Oct 4, 2013

A publishing sting, but what was stung?


Before Open Science there was Open Access (OA) — a movement driven by the desire to make published research publicly accessible (after all, the public usually had paid for it), rather than hidden behind paywalls.

Open Access is, by now, its very own strong movement — follow for example Björn Brembs if you want to know what is happening there — and there are now nice Open Access journals, like PLOS and Frontiers, which are peer-reviewed and reputable. Some of these journals charge an article processing fee for OA articles, but in many cases funders have introduced or are developing provisions to cover these costs. (In fact, the big private funder in Sweden INSISTS on it.)

But, as always, situations where there is money involved and targets who are desperate (please please please publish my baby so I won’t perish) breed mimics and cuckoos and charlatans, ready to game the new playing field to their advantage. This is probably just a feature of the human condition (see Triver’s “Folly of Fools”).

There are lists of potentially predatory Open Access journals — I have linked some in on my private blog (Åse Fixes Science) here and here. Reputation counts. Buyers beware!

Demonstrating the challenges of this new marketplace, John Bohannon published in Science (a decidedly not Open Access journal) a sting operation in which he spoofed Open Access journals to test their peer-review system. The papers were machine generated nonsense — one may recall the Sokal Hoax from the previous Science Wars. One may also recall the classic Ceci paper from 1982, which made the rounds again earlier this year (and I blogged about that one too - on my other blog).

Crucially, all of Bohannon’s papers contained fatal flaws that a decent peer-reviewer should catch. The big news? Lots of them did not (though PLOS did). Here’s the Science article with its commentary stream, and a commentary from Retraction Watch).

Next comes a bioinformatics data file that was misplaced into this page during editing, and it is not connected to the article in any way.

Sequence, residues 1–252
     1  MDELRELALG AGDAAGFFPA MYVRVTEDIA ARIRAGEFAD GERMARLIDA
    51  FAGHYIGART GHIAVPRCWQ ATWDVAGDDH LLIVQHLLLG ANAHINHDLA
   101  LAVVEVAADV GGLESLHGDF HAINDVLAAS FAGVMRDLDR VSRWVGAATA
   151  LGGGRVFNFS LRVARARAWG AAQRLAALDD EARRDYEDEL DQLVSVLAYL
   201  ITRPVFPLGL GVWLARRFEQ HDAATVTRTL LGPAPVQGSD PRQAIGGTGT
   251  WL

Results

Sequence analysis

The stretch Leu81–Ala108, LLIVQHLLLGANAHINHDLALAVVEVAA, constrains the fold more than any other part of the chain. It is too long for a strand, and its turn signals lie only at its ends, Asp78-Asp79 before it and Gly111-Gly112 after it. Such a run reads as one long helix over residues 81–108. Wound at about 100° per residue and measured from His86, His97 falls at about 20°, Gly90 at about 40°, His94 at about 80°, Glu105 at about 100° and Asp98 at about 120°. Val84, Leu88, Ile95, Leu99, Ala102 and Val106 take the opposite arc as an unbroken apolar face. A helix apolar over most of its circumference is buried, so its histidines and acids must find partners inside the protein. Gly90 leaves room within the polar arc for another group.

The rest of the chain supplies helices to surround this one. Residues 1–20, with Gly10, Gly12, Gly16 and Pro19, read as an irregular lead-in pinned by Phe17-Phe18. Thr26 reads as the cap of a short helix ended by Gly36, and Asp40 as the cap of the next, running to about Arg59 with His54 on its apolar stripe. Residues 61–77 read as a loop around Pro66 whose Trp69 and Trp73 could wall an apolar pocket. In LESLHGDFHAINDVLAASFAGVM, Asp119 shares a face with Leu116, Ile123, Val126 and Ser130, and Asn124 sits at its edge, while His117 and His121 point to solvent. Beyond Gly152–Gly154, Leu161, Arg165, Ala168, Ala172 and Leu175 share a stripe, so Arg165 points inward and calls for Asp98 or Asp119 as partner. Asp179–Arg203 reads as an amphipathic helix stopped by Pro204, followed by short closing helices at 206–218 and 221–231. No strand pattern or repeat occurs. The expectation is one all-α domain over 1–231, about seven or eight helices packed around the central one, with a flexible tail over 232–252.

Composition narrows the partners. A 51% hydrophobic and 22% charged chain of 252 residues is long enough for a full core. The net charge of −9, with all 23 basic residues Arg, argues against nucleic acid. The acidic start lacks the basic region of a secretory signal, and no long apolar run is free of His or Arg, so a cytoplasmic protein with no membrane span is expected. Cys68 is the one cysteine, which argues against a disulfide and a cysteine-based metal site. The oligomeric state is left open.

This is, of course, interesting — and it is generating buzz. But, it is also generating some negative reaction. For one, Bohannon did not include the regular non-OA journals in his test, so the experiment lacks a control group, which means we can make no comparison and draw no firm inferences from the data. The reason he states (it is quoted on the Retraction Watch site) is the very long turnaround times for regular journals, which can be months, even a year (or longer, as I’ve heard). I kinda buy it, but this is really what is angering the Open Access crowd, who sees this letter as an attempt to implicate Open Access itself as the source of the problem. And, apart from Bohannon not including regular journals in his test, Science published what he wrote without peer reviewing it.

My initial take? I think it is important to test these things — to uncover the flaws in the system, and also to uncover the cuckoos and the mimics and the gamers. Of course, the problems in peer review are not solely on the shoulders of Open Access — Diederik Stapel, and other frauds, published almost exclusively in paywalled journals (including Science). The status of peer review warrants its own scrutiny.

But, I think the Open Access advocates have a really important point to make. As noted on Retraction Watch, Bohannon's study didn't include non-OA journals, so it's unclear whether the peer-review problems he identified in OA journals are unique to their OA status.

I’ll end by linking in some of the commentary that I have seen so far — and, of course, we’re happy to hear your comments.

Share on: TwitterFacebookGoogle+Email